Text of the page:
The New American Revolution Museum at Yorktown

(page 2 of 2)

To appeal to all the visitors they expect to come, curators have incorporated the perspectives of a wide swath of American history-makers, according to Armstrong. “We deliberately steered away strictly from stories that had George Washington at center stage because other museums already do that, and they do it well,” he says.

Kate Gruber, curator of the American Revolution Museum at Yorktown, says that the goal of the museum is to allow visitors to “connect on a personal level with the people of the past.” That’s more easily accomplished when the subjects are not necessarily icons of American history who have populated prominent narratives.

Many exhibits offer profiles of lesser known figures who contributed to the American tapestry, despite their lack of renown, such as Peter Harris, a Catawba Indian who fought on the side of the Patriots, and Nicholas Veeder, a New Yorker and American Revolution veteran who turned an old tumbledown stone fort into a museum full of relics he had collected and gave tours of the makeshift gallery until he died at age 100 in 1862.

But of all the diverse and colorful characters the new museum brings to life, it also engages the public by raising challenging points about the United States that are not easy to reconcile. “We don’t shy away from the tough questions,” says Gruber. “What does it mean to fight for liberty, to achieve independence, yet the country still permits slavery and women don’t have equal rights?”

Gruber says that there is no better place to have a museum that explores these facets of history than at Yorktown, where 8,000 soldiers under General Charles Cornwallis surrendered to the combined French and American forces under General George Washington in 1781. The defeat compelled the British to reconsider the effort against their American adversaries, and there were no major engagements for the remainder of the war. Two years later, the Treaty of Paris made American independence official.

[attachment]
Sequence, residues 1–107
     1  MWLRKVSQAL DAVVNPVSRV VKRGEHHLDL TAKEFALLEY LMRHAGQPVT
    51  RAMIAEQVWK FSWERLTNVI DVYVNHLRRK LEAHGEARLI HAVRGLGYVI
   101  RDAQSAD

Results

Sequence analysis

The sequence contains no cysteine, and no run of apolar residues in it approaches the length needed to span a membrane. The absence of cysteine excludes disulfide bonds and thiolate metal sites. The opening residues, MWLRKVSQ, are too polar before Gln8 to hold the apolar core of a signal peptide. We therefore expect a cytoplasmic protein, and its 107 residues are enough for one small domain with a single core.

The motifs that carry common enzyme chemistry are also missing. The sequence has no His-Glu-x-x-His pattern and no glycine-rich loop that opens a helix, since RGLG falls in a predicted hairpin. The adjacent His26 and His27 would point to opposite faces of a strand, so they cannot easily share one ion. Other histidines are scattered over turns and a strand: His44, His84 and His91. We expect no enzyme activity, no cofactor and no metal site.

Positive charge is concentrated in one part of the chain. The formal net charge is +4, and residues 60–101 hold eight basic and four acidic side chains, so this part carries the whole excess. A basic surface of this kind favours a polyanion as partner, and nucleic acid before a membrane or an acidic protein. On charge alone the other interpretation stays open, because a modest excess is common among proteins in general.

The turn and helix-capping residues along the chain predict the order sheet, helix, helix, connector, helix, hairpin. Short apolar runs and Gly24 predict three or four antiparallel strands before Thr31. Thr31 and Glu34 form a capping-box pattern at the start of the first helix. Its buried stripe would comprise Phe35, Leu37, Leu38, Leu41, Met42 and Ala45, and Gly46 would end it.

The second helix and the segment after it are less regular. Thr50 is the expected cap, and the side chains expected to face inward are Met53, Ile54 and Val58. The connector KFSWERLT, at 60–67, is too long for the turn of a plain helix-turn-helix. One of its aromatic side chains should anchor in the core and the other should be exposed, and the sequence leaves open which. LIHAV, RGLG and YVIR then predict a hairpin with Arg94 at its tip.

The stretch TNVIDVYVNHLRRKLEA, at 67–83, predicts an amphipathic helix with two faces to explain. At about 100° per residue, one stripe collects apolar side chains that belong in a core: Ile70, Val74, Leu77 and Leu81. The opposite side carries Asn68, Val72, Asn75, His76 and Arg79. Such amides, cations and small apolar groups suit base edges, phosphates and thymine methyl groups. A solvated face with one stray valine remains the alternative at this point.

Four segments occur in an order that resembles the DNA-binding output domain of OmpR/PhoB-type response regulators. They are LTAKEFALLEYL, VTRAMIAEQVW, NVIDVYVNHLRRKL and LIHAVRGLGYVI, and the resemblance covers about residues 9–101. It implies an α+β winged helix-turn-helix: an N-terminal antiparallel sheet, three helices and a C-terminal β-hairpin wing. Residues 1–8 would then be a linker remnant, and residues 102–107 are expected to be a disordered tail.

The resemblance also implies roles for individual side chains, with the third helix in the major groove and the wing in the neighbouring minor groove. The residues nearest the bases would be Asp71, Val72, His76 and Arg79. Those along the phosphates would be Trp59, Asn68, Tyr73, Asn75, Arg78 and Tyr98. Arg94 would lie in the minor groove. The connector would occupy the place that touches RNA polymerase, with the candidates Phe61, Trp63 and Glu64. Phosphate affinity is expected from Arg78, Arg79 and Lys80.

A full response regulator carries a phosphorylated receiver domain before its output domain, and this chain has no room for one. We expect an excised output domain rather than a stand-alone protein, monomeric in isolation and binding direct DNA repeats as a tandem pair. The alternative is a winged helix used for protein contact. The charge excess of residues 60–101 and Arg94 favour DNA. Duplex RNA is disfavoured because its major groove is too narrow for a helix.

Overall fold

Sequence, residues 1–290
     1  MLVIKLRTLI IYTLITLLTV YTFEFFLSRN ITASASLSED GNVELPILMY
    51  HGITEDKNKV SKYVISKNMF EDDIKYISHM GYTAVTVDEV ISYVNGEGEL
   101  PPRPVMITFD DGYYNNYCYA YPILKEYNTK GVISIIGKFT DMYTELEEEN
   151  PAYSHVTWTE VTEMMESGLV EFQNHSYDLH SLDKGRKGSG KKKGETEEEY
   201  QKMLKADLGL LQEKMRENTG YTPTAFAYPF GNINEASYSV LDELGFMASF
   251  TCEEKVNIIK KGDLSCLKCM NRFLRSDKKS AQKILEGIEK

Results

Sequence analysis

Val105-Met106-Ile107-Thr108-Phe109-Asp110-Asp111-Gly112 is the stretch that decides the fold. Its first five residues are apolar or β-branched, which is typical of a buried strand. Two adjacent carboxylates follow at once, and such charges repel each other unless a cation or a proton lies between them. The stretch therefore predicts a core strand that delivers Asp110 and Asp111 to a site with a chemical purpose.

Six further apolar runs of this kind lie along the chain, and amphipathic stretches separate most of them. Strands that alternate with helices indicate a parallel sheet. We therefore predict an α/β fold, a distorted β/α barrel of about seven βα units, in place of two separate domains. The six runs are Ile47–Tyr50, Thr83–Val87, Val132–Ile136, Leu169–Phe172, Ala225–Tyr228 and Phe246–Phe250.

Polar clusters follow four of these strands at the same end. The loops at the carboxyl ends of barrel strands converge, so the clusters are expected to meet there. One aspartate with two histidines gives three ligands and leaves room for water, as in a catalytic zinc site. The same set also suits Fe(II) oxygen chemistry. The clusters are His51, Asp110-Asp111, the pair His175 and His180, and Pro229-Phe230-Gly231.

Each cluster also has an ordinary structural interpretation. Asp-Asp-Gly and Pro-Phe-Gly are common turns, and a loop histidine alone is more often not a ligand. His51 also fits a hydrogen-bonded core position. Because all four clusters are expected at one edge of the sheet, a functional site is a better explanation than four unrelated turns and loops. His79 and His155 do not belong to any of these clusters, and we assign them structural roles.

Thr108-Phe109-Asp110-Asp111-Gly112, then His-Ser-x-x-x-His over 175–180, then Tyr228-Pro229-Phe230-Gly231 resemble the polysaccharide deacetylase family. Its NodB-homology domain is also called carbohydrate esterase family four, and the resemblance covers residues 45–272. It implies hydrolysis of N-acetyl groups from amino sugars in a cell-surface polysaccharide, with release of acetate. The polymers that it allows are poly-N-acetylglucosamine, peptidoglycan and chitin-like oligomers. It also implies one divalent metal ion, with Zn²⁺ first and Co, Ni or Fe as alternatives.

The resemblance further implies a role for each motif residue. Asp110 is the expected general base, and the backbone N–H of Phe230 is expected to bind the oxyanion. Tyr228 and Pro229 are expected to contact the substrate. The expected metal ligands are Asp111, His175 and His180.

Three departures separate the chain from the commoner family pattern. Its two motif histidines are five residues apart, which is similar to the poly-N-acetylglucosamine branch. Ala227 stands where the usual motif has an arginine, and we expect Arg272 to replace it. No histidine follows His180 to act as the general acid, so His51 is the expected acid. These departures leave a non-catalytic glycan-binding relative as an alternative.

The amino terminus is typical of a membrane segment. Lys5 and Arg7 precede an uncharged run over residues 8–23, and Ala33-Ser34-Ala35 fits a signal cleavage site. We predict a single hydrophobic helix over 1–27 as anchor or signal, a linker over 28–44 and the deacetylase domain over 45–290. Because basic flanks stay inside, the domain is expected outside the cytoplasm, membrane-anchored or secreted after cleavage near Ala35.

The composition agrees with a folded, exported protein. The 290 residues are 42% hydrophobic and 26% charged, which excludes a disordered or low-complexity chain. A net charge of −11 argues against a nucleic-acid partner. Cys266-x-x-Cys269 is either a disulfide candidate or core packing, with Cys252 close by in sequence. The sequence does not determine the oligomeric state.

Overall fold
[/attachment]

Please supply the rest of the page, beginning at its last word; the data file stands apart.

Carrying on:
“Yorktown was an end, but it was also a beginning,” says Gruber. “The United States is an ongoing experiment in democracy.”

Homer Lanier, the foundation’s interpretive program manager who oversees the outdoor living history areas at both Jamestown Settlement and at the American Revolution Museum at Yorktown, says that every part of the redesigned museum is meant to encourage “light bulb moments.” Lanier hopes that the encounters visitors have at the museum will inspire dialogue about what they’ve seen. “Hopefully on the way back home or to the hotel or classroom, the experiences will be conversation starters,” he says.

For example, Lanier and other foundation historians modeled one of the two outdoor living history areas at the American Revolution Museum at Yorktown, a late 18th century farm, after the homestead of Edward Moss, a middling Virginia farmer who inherited six enslaved laborers. “It was important for us not only to tell the story of Moss and his family but of the enslaved African Americans as well,” Lanier says.

One of the buildings in the new farmstead, for instance, is the slave quarter, which interprets history that has not received as much attention because it’s sometimes a tough subject to talk about. But Lanier says that the topic of human bondage is full of telling details. One example of how interpreters will convey the nuances of slavery is by incorporating “special items that enslaved people would have hidden from their master,” he says.

The backbone of the museum’s outdoor exhibits continues to be hands-on learning—cooperative tasks ranging from picking carrots to making candles, seasonally appropriate chores that are performed with the rhythms of the seasons as they would have been in the 18th century.

The military encampment, which interprets a Continental Army camp during the American Revolution, has added a drill field and parade ground, where visitors can fall in and drill with wooden muskets.

But the newest feature of the encampment sure to cause a stir is the artillery amphitheater, a tiered viewing arena that looks over a recreated fortification similar to the earthen fortresses soldiers made at Yorktown during the war. Twice daily, interpreters will fire one of five different pieces of artillery positioned on gun platforms, giving visitors a small sense of the deafening bombardment that occurred here nonstop for three weeks in 1781, an engagement that secured independence and planted the seeds of American culture as we know it.

Add your comment: